From the Chair —  2011

Bettina Shell-Duncan
Bettina Shell-Duncan

Undoubtedly all of you have heard about the significant cuts facing higher education in Washington State. We do not yet have specific details about how these cuts will affect the University of Washington and the Department of Anthropology, but we do know that this will be the largest budget reduction the University has ever experienced. For us, the squeeze is particularly tight, since anthropology remains the fastest growing major in our college, with now nearly 6oo undergraduate majors. Our faculty and staff, however, remain dedicated to providing excellence, and remaining fully engaged with our students, alumni and the public. Realistically, we face an unprecedented challenge of doing more with less. We already lost some teaching assistant and advising positions, and raised the size of many of our classes. With further cuts we will not be able to offer some of the specialized training that our students have enjoyed in the past. Our hope is that our friends of anthropology will advocate for the need to support higher education.

Even in these dire times we have a number of successes to celebrate. We remain forward looking by focusing on innovative teaching and curriculum reform. This year we launched a second undergraduate track for anthropology majors (our first was the wildly popular Medical Anthropology and Global Health Track). This new track, Anthropology of Globalization, is a unique curricular offering at the University of Washington in that, in addition to examining contemporary global exchanges, it focuses on the deep history of global flows of ideas, materials, people, genes and disease. We have also added a new study abroad program on the culture and politics of food in Italy. This exciting new program is highlighted in the "Of Course" feature of this newsletter. Our food theme this year also extends to our first-ever fundraiser, "A Taste of Spring." This event will include a tour of the new University of Washington Student Farm, highlights of student and faculty research on the anthropology of food, and a "farm to table" meal of local seasonal foods. Look for more information to come on this event.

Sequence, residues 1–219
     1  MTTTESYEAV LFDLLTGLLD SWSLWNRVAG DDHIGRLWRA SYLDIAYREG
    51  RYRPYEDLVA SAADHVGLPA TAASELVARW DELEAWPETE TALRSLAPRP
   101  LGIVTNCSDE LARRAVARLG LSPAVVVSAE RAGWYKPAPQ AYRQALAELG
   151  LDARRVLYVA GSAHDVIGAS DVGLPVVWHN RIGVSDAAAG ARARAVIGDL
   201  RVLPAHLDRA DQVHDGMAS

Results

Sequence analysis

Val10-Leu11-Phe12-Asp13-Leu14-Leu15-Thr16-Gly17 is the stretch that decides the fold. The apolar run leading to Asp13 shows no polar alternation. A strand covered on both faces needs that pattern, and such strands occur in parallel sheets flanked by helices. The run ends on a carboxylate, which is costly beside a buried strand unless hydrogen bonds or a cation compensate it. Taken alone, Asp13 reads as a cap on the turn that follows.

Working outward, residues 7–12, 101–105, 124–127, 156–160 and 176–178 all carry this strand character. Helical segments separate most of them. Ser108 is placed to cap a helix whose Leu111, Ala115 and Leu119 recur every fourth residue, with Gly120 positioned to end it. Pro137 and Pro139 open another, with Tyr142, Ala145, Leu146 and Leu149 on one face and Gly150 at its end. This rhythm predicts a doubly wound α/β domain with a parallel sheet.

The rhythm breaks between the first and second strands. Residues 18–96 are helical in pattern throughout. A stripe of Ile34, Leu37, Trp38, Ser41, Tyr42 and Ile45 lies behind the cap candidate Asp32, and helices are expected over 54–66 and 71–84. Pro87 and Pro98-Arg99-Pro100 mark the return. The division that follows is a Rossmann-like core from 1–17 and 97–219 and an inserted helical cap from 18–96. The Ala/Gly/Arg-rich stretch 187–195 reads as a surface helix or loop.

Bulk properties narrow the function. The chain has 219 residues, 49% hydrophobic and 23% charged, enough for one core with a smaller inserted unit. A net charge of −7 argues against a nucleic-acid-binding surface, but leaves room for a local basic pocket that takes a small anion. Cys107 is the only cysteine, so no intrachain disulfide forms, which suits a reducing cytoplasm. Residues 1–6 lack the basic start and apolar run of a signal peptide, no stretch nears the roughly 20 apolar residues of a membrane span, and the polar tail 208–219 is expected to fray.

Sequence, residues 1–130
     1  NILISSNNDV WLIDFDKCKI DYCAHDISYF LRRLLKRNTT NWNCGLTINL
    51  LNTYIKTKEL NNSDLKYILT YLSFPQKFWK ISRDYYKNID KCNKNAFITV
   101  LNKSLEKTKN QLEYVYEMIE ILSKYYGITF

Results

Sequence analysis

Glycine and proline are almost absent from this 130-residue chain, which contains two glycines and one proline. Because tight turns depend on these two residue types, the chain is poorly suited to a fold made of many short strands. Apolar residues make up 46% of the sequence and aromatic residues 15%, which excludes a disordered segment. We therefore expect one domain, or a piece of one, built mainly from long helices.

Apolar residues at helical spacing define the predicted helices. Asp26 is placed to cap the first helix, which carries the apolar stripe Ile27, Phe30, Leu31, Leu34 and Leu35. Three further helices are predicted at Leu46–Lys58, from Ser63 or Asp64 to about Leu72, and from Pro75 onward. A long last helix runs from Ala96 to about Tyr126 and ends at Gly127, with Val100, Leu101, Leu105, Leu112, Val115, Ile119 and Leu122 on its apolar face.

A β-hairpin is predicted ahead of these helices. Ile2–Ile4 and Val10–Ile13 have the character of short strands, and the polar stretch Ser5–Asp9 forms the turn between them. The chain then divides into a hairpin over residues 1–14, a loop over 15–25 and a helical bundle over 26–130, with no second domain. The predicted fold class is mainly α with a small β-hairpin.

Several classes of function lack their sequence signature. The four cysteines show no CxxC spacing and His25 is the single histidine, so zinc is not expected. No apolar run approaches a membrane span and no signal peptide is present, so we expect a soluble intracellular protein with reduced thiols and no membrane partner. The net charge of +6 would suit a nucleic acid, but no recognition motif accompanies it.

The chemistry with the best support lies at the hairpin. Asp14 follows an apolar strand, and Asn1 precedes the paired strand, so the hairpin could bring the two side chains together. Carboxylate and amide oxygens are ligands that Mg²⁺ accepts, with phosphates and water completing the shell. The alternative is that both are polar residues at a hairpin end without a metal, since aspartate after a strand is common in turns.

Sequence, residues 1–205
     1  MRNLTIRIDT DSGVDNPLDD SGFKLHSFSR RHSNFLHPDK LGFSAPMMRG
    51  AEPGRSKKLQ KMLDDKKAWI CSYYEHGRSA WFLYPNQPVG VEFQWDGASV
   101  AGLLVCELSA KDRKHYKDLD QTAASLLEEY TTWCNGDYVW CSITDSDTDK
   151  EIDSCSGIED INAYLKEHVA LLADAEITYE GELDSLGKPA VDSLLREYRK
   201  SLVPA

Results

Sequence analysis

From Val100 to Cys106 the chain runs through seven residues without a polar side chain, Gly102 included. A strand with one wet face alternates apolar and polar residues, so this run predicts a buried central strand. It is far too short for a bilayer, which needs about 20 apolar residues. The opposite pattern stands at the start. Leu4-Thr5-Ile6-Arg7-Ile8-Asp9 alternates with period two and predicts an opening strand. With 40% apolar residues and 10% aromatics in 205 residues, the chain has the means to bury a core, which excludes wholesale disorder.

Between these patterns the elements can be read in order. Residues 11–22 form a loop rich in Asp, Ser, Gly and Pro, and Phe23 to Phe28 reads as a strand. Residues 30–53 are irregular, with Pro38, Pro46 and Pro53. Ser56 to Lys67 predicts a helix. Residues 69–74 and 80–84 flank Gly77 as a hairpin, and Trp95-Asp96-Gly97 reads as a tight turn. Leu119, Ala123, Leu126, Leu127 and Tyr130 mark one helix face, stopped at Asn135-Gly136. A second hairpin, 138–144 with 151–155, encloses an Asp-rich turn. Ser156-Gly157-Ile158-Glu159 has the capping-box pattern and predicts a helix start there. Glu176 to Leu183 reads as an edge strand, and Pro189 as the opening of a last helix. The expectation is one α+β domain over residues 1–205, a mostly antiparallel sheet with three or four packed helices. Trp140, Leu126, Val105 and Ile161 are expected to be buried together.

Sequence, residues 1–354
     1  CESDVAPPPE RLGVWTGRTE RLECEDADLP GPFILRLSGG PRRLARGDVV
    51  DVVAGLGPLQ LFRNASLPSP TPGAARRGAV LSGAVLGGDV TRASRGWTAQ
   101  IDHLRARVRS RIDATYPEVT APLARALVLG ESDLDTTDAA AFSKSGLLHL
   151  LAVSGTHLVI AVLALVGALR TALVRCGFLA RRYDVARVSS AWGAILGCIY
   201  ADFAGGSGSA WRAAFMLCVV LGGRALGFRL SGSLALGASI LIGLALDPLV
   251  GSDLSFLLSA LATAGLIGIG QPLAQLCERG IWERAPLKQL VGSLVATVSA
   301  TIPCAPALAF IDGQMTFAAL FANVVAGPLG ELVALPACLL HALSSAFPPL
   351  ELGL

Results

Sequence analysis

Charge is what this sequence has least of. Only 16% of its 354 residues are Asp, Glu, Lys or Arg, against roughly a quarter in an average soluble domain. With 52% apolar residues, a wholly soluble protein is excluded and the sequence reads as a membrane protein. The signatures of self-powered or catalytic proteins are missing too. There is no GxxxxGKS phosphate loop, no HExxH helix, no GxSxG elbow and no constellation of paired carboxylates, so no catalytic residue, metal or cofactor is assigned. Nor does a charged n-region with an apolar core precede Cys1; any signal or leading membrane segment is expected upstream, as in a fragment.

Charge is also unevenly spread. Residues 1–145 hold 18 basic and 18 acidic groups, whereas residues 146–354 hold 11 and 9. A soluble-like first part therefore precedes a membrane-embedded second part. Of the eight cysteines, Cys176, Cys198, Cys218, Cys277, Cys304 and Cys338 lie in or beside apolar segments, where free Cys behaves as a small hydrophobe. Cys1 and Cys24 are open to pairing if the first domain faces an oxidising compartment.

We remain most eager to stay in touch with all our friends of anthropology. Our e-newsletter is just one way we hope to stay in touch. Our website also lists events that we encourage you to attend, if possible. The website also features news, and we welcome our alumni to share items that we might post. You can also follow us onFacebook, and we welcome you to share your thoughts on how we might weather this financial storm. And at this time more than ever, I would like to express my sincere appreciation to those of you who continue to support us with contributions. Our hope is that you will encourage others to do so as well. With your continued involvement, help and support we remain confident that the Department of Anthropology will remain a vibrant and vital resource for students and the broader community. We thank you for your interest and support.



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